Back when the fourth-generation Honda Prelude arrived in 1992, your hosts here at Totally That Stupid were both driving second-generation 1985 examples, and loving them. We aspired to third-generation ‘Ludes – or first-generation Acura Legend coupes if we were feeling spendy – and these melty interlopers just looked weird. To us, the styling didn’t fit in with other Honda products, featuring a little GM10 Oldsmobile Cutlass Supreme in the tail lights and an odd nose that would find its way onto the Eagle Vision sedan five years later.
Inside things weren’t much better. Sure, the seats and center console were pure bubble-era Honda perfection, but the dashboard itself was all squashed down, with an odd mix of semi-circular analog and digital instruments. What?
Also, the glass moonroof went away, replaced with a steel panel that retracted outside rather than in.
We weren’t fans at the time, despite how the cars drove, which was also pure Honda perfection. We were much happier campers when the fifth-generation Prelude arrived in 1997 with styling that was clearly an evolution of our beloved second- and third-generation cars.
Thanks to the passage of time and viewed through rose-tinted 20/20 hindsight, we’ve come around to the fourth-generation Prelude. My turning point was reading an article on The Truth About Cars wherein the author flies to Florida to buy a Fresco Blue 1992 Prelude Si and proceeds to drive it back to his home in Tucson, Arizona. I hadn’t really noticed one of these Preludes in a while, and at the time thought the design had aged pretty well.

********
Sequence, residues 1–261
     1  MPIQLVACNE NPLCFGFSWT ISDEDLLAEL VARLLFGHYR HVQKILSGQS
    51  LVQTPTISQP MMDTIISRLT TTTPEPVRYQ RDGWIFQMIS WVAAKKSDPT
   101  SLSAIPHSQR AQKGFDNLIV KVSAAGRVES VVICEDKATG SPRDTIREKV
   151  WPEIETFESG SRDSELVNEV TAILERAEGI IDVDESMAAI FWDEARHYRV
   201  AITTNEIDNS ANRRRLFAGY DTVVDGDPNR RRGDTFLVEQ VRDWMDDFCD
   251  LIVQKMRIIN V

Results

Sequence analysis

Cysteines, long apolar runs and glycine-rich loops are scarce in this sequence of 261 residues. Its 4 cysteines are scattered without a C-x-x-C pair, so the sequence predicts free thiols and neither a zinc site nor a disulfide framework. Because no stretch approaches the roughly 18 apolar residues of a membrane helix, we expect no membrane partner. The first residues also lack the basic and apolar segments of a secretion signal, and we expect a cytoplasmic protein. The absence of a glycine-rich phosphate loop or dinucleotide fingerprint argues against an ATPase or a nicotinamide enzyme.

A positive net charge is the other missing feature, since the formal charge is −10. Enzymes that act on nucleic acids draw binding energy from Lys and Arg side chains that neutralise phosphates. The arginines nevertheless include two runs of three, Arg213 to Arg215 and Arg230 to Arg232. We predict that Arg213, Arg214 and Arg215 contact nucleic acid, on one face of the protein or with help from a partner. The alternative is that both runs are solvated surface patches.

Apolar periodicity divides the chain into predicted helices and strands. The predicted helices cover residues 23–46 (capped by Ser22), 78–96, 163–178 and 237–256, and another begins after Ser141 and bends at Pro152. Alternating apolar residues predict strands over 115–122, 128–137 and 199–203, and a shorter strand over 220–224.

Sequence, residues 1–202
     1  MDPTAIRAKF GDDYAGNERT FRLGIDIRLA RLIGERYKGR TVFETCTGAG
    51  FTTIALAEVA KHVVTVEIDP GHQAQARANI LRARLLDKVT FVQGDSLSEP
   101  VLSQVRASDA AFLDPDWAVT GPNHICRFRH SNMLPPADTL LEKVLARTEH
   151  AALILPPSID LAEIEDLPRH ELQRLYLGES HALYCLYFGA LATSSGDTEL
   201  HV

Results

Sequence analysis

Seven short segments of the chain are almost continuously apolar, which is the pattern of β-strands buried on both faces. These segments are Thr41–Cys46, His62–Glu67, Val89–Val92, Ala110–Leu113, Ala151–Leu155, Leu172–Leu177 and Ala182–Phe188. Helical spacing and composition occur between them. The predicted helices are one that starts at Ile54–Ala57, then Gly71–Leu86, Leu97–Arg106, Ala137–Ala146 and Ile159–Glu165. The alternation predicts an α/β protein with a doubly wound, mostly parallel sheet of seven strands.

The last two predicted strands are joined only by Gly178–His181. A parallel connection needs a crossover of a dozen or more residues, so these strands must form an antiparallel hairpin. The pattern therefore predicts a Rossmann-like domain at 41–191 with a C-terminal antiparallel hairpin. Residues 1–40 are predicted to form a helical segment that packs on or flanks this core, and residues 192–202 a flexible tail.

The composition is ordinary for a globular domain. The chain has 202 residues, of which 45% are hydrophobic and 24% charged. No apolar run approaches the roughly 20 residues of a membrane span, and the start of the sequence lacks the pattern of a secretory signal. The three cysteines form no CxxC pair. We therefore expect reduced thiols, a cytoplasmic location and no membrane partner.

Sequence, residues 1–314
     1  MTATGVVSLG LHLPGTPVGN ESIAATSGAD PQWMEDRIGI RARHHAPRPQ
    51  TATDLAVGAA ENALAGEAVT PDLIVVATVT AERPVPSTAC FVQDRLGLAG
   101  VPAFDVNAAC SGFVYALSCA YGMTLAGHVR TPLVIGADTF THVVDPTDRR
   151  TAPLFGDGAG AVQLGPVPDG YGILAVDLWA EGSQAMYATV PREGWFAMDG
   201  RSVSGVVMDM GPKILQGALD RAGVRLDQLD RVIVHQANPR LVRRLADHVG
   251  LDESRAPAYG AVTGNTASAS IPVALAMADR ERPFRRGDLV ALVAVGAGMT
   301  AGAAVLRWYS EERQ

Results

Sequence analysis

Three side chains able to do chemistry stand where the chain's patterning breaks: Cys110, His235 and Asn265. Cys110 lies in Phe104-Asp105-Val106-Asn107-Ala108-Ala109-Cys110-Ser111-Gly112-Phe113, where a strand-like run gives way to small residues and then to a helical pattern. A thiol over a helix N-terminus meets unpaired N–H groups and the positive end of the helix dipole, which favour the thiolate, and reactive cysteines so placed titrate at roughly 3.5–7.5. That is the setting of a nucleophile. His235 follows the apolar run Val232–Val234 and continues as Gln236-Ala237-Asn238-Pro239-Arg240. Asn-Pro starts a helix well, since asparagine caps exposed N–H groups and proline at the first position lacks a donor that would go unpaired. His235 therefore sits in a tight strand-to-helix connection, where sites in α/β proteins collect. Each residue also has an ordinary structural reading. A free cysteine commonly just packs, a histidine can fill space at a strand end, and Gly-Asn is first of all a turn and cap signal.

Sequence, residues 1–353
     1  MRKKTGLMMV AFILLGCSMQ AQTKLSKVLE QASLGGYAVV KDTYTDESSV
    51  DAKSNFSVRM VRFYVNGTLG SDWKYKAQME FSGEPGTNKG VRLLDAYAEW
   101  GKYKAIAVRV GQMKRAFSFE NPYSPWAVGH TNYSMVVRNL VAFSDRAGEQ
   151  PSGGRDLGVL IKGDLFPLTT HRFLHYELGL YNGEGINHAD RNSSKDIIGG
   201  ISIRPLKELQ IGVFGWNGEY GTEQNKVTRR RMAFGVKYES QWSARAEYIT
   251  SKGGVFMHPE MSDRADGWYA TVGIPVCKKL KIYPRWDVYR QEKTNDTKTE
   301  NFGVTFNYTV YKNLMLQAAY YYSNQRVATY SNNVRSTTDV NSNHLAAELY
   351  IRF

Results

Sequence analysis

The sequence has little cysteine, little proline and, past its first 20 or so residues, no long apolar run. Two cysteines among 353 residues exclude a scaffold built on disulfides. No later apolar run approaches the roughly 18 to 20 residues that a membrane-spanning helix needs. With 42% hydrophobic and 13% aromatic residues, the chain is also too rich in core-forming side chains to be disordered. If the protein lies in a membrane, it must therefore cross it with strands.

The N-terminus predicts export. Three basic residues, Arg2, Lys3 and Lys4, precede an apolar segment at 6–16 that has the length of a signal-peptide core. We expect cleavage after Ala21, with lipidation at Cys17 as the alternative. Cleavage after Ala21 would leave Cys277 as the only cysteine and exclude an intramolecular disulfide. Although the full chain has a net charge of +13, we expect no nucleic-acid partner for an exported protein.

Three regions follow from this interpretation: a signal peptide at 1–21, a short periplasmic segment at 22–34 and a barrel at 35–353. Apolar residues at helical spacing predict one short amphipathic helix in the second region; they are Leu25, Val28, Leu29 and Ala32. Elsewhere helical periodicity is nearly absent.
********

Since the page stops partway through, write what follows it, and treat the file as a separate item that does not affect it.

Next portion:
The examples that survived the Fast and Furious tuning era are now the darlings of Radwood, so today we’re excited to find this almost completely stock moonshot-mile 1992 Prelude for sale in Minneapolis, Minnesota.
A southern car its whole life, the Milano red paint shines and the body shows none of the holes northern cars display with sadness. The mirrors are a bit faded, so look closely for signs of a repaint on the sheetmetal. Yes, sheetmetal, despite the seller’s assertion the body is fiberglass. There don’t appear to be any obvious dents or dings, but I’d want to look in the nooks and crannies for signs of Previous Owner Disease. I like how the front bumper appears to have never worn a license plate.
Inside the seats look like those from an example half its age. Even the floor mats look good. There is discoloration on the dashboard and steering wheel, but don’t forget this car is almost 30 years old and lived in a sauna. The gas gauge doesn’t work, and we don’t know if that means it doesn’t read anything or its digital display has failed. Shame about the replacement stereo, but Honda radios from the period are absolutely available.
Mechanically, there isn’t much to know based on the ad, other than the car is, “fast, fun, and loud. Runs great.” Speaking of loud – maybe – those are stock exhaust pipes poking out from under the bumper. Despite nearly unlimited aftermarket exhaust system options, the factory pipes still look the best to these eyes.
And speaking of mechanicals, this car is missing a third pedal. I wasn’t going to bring it up. However, if the pictures don’t make that pretty plain, then the low cost of what appears to be a very clean Prelude certainly will. Swapping to a manual is 100% doable, but will easily double your investment in the car. Worth it? Probably, but you go ahead and let us know how it all works out. I’m sure you’d have it done by spring.
The automatic transmission is a bummer, of course, but we’re still betting on a lot of smiles and no small amount of fun behind the wheel. We also think there’s a lot of life left in this Prelude, despite the high miles, and in a package that has aged better than anyone here expected. That’s a solid Cheap Heap of the Week around these parts.